by Peter Wong on October 4, 2013

Hong Kong film-starved Bay Area viewers will find their cinematic hunger satisfied this weekend with the San Francisco Film Society’s third edition of its Hong Kong Film Festival. For three days at the new venue of the Vogue Theater, film lovers interested in the region’s cinema can catch contemporary dramas, a Cantopop concert film, and Hong Kong action films old and new.


Johnnie To brings the contemporary Hong Kong action with his new film “The Blind Detective.” Blind ex-police detective Johnston (Andy Lau) supplements his crappy pension by becoming a bounty hunter specializing in cold cases. Rich police detective Ho (Sammi Cheng) hires Johnston to find her missing childhood friend Minnie and also teach her how to be a decent detective. Can Johnston’s brains and Ho’s muscle crack a 10-year-old mystery with no apparent clues?

“The Blind Detective” may appear more scattershot compared to To’s previous film “Drug War.” In place of the prior film’s pressurized suspense, the Lau vehicle turns from romance to suspense thriller with an ease which would arouse a car manufacturer’s jealousy. While the film’s tone may evoke a 1980s-1990s Hong Kong commercial film’s something for everyone style, To skillfully makes such dramatic shifts feel like organic parts of the plot.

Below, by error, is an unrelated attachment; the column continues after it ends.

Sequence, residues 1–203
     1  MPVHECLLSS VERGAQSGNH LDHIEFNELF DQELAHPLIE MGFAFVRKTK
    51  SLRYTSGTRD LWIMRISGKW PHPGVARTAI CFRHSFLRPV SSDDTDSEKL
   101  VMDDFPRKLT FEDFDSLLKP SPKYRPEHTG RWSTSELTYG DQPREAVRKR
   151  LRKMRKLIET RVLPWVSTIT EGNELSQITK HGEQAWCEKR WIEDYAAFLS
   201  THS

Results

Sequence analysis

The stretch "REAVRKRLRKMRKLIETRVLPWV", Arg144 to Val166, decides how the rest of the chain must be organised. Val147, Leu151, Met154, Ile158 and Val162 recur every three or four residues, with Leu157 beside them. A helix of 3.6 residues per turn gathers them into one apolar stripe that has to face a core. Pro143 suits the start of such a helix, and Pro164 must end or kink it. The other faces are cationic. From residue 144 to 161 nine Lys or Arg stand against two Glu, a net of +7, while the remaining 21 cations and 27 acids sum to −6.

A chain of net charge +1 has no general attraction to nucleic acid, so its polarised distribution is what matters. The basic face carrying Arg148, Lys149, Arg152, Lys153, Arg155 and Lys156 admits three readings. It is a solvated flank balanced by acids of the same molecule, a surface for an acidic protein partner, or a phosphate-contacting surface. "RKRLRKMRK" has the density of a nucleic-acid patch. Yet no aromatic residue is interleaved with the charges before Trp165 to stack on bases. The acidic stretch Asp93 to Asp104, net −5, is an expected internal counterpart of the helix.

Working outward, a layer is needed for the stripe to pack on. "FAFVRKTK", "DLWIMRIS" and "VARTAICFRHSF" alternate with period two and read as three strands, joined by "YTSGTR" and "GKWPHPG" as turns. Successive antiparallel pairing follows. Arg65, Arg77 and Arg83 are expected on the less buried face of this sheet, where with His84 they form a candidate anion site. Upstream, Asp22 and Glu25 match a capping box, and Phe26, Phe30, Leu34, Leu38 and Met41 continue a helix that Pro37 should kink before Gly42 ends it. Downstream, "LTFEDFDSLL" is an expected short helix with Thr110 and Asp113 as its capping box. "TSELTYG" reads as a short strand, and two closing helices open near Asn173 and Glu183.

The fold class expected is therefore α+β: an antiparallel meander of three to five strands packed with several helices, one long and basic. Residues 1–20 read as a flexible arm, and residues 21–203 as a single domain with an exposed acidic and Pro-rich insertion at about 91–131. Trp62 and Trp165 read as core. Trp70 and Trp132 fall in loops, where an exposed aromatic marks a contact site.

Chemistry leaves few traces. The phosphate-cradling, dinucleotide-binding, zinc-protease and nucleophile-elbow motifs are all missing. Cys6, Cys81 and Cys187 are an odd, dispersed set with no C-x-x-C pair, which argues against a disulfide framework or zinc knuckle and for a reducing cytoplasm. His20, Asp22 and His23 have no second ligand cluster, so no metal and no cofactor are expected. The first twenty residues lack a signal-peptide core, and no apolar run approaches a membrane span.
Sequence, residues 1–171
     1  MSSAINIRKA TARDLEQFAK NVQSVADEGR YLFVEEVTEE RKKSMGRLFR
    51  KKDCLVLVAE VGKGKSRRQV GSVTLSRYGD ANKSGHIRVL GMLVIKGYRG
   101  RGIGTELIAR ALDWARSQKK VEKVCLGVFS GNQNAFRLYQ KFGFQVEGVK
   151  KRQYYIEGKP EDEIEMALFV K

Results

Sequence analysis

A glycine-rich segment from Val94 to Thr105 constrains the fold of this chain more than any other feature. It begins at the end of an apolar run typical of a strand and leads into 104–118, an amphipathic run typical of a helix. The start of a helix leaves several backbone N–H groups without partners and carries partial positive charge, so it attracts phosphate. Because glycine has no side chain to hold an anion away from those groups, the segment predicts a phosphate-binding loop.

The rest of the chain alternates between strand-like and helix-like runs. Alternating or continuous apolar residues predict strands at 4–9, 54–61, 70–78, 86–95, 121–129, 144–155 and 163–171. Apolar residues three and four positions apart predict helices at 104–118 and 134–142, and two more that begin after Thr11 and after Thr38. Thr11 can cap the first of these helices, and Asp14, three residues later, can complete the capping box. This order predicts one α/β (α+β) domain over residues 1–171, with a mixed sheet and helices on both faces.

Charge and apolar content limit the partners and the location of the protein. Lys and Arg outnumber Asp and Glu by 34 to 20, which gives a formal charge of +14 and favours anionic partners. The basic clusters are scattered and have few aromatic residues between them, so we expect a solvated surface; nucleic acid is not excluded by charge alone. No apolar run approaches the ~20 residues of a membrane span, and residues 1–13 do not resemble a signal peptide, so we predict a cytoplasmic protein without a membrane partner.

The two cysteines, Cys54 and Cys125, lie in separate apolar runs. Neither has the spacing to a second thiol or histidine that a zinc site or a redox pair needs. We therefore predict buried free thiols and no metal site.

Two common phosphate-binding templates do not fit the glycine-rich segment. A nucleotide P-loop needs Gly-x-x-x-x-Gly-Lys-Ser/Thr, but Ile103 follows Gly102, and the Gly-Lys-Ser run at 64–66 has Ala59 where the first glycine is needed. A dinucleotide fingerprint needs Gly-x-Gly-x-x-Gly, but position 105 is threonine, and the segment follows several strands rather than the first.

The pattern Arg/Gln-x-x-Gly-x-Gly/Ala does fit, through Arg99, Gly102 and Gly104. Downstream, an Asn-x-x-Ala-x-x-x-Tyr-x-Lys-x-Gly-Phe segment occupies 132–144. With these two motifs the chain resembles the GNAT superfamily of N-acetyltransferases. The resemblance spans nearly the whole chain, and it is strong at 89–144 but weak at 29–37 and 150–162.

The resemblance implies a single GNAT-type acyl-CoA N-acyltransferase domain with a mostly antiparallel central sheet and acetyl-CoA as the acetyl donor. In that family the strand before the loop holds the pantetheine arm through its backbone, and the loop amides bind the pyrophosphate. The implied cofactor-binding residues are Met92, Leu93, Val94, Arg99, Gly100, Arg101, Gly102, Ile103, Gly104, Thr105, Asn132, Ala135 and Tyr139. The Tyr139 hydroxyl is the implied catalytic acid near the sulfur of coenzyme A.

Key to the film’s success is Lau’s performance as Johnston. While the detective’s brilliance is unquestioned, his thinking remains enigmatic. Is he hustling Ho so he can mooch free expensive meals off her? Do his imagined reconstructions capture the truth of how a crime actually happened or is he seriously off-base? Lau does a great job of alternately irritating and amazing the viewer in the title role.

Cheng holds her own dramatic weight with Lau. She has several wonderful comic moments, particularly her pretending to be an obnoxious woman gambler and her takedown of Lam Suet’s fugitive murderer. When one case takes a turn for the deadly serious, her eventual fate grips the viewer.